Tipped-in page

In the book trade, a tipped-in page or, if it is an illustration, tipped-in plate, is a page that is printed separately from the main text of the book, but attached to the book.[1]

A tipped-in page may be glued onto a regular page, or even bound along with the other pages. It is often printed on a different kind of paper, using a different printing process, and of a different format than a regular page. Some authors include loose pages inserted into a book as tipped-in, but in this case, it is usually called an insert instead.

Coffee table art books featuring high quality tipped-in color plates were popular starting in the late 1940s and into the 1980s.[2][3][4] Examples include several large series of books on painting published by Editions d'Art Albert Skira, Geneva: e.g. Painting, Color, History (23 volumes 1949–1972); The Great Centuries of Painting (14 volumes 1950–1959); The Taste of Our Time (57 volumes 1953–1972) with "hand-tipped colorplates"[5] Harry N. Abrams, Inc., Publishers, New York also published many fine art books during this period with tipped-in plates, examples include the 56 volume series The Library of Great Painters published 1959–1985 with each book having ca. 48 "tipped-on colorplates"[6] or "hand-tipped plates in full color".[7]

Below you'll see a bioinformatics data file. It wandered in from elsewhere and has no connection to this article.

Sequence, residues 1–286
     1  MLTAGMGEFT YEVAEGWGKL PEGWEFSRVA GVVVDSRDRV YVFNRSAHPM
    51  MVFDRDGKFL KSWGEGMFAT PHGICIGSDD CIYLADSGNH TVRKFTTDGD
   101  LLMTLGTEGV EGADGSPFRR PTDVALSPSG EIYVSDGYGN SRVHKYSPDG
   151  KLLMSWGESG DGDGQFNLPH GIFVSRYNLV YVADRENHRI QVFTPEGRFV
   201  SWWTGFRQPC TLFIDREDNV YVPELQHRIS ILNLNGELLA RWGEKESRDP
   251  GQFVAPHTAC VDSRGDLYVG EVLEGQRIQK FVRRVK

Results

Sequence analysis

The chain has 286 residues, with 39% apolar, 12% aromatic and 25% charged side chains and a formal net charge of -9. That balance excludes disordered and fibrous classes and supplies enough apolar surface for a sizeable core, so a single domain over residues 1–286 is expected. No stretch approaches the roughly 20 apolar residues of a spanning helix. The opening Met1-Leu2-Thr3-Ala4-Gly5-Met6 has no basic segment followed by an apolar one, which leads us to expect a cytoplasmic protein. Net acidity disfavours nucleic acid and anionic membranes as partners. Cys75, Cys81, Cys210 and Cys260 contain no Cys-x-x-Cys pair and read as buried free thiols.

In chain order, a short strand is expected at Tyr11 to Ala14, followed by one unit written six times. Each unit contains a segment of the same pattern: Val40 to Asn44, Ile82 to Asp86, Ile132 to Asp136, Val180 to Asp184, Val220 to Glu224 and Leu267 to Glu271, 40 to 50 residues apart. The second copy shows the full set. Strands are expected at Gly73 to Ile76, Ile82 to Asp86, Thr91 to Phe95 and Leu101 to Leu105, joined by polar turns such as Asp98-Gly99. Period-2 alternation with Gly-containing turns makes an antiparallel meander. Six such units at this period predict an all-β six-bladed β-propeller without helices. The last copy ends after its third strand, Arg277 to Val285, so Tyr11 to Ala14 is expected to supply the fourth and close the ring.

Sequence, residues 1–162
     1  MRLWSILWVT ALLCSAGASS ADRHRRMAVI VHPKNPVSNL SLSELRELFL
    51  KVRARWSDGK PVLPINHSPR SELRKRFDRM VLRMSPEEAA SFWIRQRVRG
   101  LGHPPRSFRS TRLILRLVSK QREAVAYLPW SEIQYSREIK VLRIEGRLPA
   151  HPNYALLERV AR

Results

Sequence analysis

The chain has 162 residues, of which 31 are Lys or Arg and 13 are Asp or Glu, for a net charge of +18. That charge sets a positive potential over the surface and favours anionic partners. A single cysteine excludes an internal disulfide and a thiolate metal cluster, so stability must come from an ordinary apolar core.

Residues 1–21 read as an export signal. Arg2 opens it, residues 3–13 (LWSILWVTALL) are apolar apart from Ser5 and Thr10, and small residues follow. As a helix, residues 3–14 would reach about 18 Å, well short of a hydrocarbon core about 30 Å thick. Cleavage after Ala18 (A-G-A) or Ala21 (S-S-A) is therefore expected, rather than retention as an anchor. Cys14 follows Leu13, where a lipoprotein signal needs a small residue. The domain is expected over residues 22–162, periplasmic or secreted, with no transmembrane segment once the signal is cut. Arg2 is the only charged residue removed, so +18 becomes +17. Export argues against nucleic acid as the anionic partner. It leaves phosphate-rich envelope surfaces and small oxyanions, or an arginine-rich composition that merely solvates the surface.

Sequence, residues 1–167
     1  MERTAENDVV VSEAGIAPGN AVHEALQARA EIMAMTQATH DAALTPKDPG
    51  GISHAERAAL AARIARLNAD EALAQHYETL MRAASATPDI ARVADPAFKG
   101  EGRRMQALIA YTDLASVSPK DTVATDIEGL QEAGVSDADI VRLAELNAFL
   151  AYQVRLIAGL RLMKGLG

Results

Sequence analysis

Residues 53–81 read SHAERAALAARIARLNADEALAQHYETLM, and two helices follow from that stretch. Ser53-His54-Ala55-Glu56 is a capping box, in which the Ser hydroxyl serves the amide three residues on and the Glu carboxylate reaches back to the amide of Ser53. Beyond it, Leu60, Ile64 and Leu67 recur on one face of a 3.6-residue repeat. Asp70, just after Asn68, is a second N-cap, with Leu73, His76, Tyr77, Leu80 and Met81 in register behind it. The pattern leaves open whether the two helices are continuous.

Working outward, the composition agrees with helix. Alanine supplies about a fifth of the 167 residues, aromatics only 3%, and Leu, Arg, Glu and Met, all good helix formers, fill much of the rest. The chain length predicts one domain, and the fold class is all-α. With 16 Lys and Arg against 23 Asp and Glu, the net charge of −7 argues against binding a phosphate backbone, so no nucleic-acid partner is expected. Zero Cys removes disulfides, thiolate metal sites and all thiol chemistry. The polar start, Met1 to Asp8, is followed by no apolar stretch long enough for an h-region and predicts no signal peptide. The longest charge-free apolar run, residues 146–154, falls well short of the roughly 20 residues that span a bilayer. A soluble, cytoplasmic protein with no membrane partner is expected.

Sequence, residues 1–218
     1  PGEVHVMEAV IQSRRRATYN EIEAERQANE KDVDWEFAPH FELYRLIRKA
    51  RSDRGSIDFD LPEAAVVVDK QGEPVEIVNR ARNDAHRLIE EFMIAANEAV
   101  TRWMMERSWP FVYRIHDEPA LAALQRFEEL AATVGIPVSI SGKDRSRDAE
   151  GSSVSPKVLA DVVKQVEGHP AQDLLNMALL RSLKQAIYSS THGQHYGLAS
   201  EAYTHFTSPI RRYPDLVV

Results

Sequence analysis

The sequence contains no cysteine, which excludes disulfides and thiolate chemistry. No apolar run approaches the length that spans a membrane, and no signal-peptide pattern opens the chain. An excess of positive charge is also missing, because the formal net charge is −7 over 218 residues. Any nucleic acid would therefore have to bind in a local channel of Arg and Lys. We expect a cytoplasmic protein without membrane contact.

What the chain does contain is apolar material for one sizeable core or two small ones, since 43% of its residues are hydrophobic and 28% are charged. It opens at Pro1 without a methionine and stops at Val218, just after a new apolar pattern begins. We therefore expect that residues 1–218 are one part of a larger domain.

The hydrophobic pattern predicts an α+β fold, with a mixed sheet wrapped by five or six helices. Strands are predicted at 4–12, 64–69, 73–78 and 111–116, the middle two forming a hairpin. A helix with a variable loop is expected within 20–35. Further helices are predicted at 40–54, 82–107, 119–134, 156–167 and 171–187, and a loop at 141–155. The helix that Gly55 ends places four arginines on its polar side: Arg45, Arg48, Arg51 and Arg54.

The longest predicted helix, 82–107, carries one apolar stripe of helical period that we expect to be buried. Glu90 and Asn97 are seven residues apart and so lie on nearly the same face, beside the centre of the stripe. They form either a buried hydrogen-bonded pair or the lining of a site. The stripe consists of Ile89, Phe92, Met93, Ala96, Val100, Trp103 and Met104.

Tipped-in pages are generally glued to a bound page on its inner side and may be called "paste ins".